Herman Asselberghs: Time Wasted
Over the past decades, Herman Asselberghs has meticulously built an internationally shown audiovisual œuvre in which he questions the liminal areas between sound and image, world and media, poetics and politics. In this solo exhibition, the Brussels-based artist presents four new works. Time Wasted originates from the educational context of the arts college, more specifically from the film department on the Brussels Saint-Lukas campus of LUCA School of Arts where the artist has been active for over a quarter of a century.
It started with the idea of making a documentary feature on campus and resulted in a publication and three film works in installation form - made with the help of current and recently graduated students, including the cameraman, the image technician and the sound designer. The focus on similarities and differences between the movie theater and classroom gradually shifted to attention. Finding, losing, and regaining focus can not be taken for granted for neither the student nor the film spectator in these current times of divided attention. The exhibition space, with its multiple screens, simultaneous projections, and visitors moving around freely, is the ideal place to pay attention to attention.
Other people's attention reinforces your own but keep looking at the one who caught your attention and you find yourself staring, and in fact interrupting, perhaps even disturbing. Only the image recorded by the camera allows us to observe those long, stills moments that usually escape our daily lives, 'meaningless' moments that are usually cut or skipped in films because they have no narrative function. There is nothing happening or nothing to see. They are a waste of time, so to speak.
In recent years, the artist made 20 silent student portraits, Times 2, which will be simultaneously projected on two screens in the exhibition space. Without a beginning or an ending, the visitor can jump in at any point in the sequence. We do not know what goes on in the minds, the hearts, and the lives of these young people. An attentive person is completely within herself or entirely with herself, and at the same time out or outside of herself. Like attentive viewers, the students are simultaneously here and now and elsewhere. They are images of pure attention, or pure images of attention.
With Leçon d'objet / Object Lesson, the artist shifts the focus from the portrayed to the camera used to create the portraits. The setting is the school, the roles are assigned to the students.The title refers to the traditional teaching method of presenting an everyday object by naming its characteristics and properties. The close observation of a physical object can then lead to a better understanding of abstract concepts. This object lesson takes the camera as a starting point for a reflection on our handling of images, on paying attention and looking for attention, on the importance of time "wasted”. In Asselberghs’ hands, film becomes a construction revealing its foundation and its production process, with blocks and joints that remain visible and palpable in the images and the sounds.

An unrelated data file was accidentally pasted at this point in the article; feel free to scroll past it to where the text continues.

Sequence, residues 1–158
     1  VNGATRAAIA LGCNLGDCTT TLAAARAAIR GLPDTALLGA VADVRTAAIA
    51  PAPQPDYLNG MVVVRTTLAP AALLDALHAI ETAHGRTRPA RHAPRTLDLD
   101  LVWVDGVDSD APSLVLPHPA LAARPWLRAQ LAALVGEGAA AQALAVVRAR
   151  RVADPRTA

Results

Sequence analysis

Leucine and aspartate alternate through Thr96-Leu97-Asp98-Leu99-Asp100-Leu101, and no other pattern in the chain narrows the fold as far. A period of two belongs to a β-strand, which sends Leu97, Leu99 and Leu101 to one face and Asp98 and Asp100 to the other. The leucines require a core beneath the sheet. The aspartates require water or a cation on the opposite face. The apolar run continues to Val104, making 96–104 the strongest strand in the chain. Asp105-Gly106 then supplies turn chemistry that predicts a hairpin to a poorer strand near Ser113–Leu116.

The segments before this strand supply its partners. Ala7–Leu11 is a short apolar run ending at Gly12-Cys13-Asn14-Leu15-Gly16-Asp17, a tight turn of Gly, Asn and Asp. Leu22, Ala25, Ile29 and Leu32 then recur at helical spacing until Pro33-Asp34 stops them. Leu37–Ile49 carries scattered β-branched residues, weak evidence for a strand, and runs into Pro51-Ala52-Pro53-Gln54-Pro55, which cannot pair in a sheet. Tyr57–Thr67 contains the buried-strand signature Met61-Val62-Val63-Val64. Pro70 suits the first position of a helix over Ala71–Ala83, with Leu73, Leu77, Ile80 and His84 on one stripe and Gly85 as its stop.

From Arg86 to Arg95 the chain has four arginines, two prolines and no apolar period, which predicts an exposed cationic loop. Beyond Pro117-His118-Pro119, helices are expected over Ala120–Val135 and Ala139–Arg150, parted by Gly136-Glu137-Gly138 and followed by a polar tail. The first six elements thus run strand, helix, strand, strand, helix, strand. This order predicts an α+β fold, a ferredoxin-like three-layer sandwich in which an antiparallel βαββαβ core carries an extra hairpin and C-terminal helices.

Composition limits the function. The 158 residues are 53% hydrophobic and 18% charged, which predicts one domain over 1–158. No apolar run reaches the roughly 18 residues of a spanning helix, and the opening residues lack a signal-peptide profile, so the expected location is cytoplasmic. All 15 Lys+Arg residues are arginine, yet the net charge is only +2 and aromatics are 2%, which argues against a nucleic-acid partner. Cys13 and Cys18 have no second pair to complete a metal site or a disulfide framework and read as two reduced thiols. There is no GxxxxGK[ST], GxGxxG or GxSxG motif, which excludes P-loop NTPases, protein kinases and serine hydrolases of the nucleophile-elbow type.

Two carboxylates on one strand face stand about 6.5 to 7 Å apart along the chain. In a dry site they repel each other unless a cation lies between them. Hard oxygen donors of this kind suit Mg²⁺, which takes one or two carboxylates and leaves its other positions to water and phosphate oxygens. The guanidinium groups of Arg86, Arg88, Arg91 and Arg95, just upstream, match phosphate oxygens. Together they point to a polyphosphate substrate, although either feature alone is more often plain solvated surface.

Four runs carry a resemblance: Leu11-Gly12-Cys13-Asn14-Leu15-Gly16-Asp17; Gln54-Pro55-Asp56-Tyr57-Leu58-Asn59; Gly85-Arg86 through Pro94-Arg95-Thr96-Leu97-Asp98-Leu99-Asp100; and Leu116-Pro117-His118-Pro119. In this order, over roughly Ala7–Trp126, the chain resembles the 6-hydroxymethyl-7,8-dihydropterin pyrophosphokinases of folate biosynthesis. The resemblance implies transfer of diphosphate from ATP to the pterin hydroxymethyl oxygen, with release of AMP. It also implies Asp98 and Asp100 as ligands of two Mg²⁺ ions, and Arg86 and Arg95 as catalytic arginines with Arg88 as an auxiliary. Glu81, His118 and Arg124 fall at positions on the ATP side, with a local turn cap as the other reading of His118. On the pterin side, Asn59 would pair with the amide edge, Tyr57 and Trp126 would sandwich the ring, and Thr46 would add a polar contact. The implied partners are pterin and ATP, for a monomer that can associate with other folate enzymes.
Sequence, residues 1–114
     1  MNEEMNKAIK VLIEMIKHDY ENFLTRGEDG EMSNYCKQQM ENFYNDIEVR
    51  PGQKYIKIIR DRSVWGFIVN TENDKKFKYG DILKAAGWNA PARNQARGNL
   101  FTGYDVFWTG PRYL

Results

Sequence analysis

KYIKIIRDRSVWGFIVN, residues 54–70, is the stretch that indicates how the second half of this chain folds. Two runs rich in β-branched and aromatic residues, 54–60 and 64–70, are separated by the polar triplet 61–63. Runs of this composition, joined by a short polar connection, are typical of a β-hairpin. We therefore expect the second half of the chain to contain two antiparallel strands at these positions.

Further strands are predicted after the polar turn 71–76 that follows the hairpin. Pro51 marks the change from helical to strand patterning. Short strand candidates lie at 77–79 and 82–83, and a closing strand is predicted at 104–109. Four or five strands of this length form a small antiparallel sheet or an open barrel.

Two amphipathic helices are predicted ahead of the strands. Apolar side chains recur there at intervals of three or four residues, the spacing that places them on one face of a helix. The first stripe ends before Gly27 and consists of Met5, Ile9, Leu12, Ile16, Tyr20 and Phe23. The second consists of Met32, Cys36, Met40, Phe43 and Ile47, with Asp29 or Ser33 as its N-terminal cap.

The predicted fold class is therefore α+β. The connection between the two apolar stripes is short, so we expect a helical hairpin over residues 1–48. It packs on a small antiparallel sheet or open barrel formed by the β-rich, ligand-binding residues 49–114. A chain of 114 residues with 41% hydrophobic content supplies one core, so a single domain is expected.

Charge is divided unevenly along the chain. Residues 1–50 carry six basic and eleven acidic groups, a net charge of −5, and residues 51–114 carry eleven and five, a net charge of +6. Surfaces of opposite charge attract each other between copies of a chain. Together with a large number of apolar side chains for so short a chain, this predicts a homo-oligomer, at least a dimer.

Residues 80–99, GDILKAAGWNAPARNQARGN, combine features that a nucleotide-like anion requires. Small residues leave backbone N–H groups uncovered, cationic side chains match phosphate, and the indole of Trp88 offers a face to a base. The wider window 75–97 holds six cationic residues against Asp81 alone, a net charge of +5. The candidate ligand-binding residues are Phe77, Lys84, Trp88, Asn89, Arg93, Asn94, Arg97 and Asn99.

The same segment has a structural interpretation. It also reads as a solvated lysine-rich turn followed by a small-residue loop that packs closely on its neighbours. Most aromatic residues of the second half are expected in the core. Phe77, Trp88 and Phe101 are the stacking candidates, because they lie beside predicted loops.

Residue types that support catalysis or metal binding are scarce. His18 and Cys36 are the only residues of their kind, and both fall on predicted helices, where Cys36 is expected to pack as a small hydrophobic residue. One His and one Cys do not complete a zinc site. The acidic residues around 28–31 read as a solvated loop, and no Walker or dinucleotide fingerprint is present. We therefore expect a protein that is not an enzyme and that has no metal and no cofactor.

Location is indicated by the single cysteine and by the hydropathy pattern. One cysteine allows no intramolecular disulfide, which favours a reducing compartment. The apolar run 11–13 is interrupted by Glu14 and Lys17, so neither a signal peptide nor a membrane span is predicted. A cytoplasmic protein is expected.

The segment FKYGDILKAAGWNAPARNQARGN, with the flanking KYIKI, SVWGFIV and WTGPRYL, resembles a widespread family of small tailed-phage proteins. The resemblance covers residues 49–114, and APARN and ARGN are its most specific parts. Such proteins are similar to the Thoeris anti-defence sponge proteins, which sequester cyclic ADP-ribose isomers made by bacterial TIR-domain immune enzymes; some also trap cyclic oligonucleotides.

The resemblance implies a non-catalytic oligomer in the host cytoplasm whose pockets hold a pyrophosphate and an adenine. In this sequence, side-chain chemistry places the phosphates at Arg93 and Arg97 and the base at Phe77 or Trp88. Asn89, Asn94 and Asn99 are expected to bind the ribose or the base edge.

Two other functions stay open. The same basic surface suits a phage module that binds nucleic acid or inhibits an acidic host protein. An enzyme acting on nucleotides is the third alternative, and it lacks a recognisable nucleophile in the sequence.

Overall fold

In As If in a Dream, Asselberghs creates a portrait of the attentive viewer on site, so to speak. ‘Without’ images and entirely text-based, the projection initiates a silent dialogue with the viewer. The film and you. Viewership and film experience are affected by the tension between continuous loop of the installation and inevitable finality of a film. Is it a manifesto, a manual or a mantra? Your portrait, your decision.
This Sentence Will End sets the tone of the exhibition. A snapshot of attention. You and the booklet. You in the booklet. You with the booklet. Feel free to take one.
At the artist's request, we choose not to suggest ideal (or actual) viewing times per film. That would only get in the way of losing time.
Several public programmes will be organised in the context of this exhibition: peer to peer sessions, roundtable discussions, a curated programme of student films shown in our annex(e), a workshop dedicated to distribution dynamics. The selection of argos 📺 from March to June will echo the topics and themes of the exhibition as well. Keep an eye on our website for more information.
Time Wasted is part of the doctoral research project Film School Time, Intermedia Research Unit, LUCA School of Arts & Lieven Gevaert Centre, KU Leuven - UCLouvain. The exhibition and its public program were produced with the support of our partners.
This exhibition takes place on the first floor and is only accessible by using two stairs. Find out more about the accessibility of our building.